13. Muzza(NW Surrey.UK) says:

    Let’s hear it for good old Blind Willie……….HUZZAH!
    constipation is bad enough…but constant pregnancy…phew!

  14. Diana says:

    Strange – can’t say I like it.

  15. Jane Ramsden says:

    Well, I can see where you’re coming from, Diana! It’s the peculiar concept story that gives it interest for me – the witchcraft coupled with the never-ending pregnancy. Mind, in t’olden days, with end on pregnancies, it must have felt like that for some women. This curse would happily have been substituted by the other one!

    To put a positive spin on it, the cruel mother is not the baby’s mother, but the mother-in-law (though it’s her own son’s child she’s also punishing). Good triumphs over evil and the baby is delivered safely. Not the usual ‘Cruel Mother’ story we have had on here earlier. Kerfuffle do a haunting version of this – ‘Down By The Greenwood Side’ – sung here at Otley’s Black Sheep Folk Festival 2008. I have it on their excellent CD from the same year called ‘To The Ground.’

  16. Reinhard says:

    And Kerfuffle’s own Hannah James with her current outfit Lady Maisery does a brilliant version of Willie’s Lady. You can find this on Youtube too.

  17. Diana says:

    Jane I got the gist of the tale but it did not like it. I think I have disliked a few songs which I can count on one hand, but it would not do for us all to be of the same opinion or it would be boring. Trust I have not said anything I should’t?

  18. Linda says:

    Can anybody tell me if Jon /Bellowhead/Spiers n Boden have song Edward/Son of David. I have heard Steeleye Span do this and am convinced I have heard it somewhere else but cannot seem to find it on any of the CDs.?

  19. Reinhard says:

    Linda, I know of Nic Jones, the Demon Barbers, Rubus, and most recently June Tabor and the Oysterband doing Edward / My Son David, but I don’t remember a recording by Jon in any of his incarnations.

    @Diana: Just as you said. I’m sure tomorrow or the day after will offer a song you really, really like.

  20. Muzza(NW Surrey.UK) says:

    @Reynard…………….” will offer a song you really, really like.”………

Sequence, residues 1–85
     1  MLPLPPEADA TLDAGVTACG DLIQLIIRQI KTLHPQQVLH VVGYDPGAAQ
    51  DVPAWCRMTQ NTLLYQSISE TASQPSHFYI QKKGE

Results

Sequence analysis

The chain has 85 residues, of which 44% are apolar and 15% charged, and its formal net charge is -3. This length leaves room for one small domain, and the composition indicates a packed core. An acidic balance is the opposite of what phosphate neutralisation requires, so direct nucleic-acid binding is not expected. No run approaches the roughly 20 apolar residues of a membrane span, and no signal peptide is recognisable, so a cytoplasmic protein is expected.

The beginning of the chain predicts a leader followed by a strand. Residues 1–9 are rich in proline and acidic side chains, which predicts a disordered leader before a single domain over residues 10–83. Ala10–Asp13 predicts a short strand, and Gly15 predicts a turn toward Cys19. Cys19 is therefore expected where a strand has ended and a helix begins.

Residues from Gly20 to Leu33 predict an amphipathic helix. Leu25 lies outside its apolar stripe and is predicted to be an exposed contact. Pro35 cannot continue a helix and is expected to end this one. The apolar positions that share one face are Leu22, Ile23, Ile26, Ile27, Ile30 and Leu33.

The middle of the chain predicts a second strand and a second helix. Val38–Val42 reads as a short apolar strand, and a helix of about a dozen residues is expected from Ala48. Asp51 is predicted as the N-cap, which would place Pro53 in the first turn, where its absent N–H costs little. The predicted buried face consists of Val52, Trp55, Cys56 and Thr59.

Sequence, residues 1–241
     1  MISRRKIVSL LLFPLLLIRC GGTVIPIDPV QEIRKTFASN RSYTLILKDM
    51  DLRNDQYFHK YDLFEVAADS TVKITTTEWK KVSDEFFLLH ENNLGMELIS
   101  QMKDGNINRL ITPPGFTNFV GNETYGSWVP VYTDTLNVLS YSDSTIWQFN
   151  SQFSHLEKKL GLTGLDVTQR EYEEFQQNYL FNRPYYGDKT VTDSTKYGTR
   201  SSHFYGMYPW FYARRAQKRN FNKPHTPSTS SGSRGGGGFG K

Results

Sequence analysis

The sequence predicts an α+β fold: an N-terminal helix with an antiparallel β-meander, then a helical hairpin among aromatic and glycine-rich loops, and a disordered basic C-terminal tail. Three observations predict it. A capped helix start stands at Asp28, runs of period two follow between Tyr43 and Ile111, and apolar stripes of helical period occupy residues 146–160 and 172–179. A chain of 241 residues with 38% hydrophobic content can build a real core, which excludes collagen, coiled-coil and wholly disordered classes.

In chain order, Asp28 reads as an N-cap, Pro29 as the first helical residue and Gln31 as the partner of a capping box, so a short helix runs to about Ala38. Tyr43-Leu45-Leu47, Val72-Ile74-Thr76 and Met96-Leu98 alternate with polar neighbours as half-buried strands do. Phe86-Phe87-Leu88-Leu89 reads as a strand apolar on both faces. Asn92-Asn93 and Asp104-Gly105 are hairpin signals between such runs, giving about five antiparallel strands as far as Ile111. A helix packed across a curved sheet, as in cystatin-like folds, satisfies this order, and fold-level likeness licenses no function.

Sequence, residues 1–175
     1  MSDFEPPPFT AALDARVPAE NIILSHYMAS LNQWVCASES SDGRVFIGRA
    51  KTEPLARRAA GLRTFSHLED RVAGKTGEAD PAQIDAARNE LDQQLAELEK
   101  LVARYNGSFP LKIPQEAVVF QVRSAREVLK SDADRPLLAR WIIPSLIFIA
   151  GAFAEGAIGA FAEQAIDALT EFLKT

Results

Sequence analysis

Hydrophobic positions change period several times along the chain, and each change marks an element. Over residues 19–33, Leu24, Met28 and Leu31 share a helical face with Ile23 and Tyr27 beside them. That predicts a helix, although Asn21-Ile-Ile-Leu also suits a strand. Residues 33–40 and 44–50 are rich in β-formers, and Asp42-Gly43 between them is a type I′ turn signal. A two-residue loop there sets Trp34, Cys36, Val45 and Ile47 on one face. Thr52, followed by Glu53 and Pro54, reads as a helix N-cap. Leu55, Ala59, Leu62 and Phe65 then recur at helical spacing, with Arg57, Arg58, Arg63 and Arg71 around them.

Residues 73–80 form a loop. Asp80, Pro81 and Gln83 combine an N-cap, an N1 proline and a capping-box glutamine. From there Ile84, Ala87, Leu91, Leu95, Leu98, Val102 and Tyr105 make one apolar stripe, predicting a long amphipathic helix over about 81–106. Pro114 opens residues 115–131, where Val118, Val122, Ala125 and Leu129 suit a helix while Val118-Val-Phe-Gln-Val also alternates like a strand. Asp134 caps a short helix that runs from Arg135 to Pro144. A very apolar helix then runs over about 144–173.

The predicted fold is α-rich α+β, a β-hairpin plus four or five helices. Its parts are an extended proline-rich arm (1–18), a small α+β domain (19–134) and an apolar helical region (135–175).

Stop teasing Reinhard……….don’t tell me that ‘the Spice girls sing folk!’

  21. Muzza (N.W.Surrey-UK) says:

    Just listened again…more of a story than something that needs to be set to music….made me breathless as the story bowled along……
    just looked at a photo of my son……he’s grown up now but he has always had a glassy eyed look, shiny skin and his mother was always shouting at him to keep away from the hot stove……..and my mother-in law-hated me…it all adds up! aaaarrgghhh!

  22. Diana says:

    Muzza you do write the oddest things.

    Didn’t care for the song so nothing has changed since last year.

  23. Old Muzza(N.W surrey.UK) says:

    Cor Blimey guvnor………….was this story worth telling…it don’t ‘arf go on…and on …and on……………..
    I can image standing up at a folk club and announcing…’I WILL NOW SING ‘willy’s lady’
    I suspect that one would be in fear of one’s life to get caught up in the rush to the bar!

  24. Diana says:

    Third year and no change where this song is concerned I do not care for it at all. Still it wpuld not do for us all to have the same opinion.

  25. Jane Ramsden says:

    Yup, not up there with my favourites either, but well-tackled by Jon as always.

  26. Jane Ramsden says:

    PS Diana: Musical package going in post for thee today. returning kind loan of Primeval New World dinosaurs! Do we know how to live or what?!! Lol.

  27. Diana says:

    Yep we certainly do – high on the hog is the expression that comes to mind and goes just as quickly. Thanks Jane in advance.
    As for the song my opinion remains unchanged.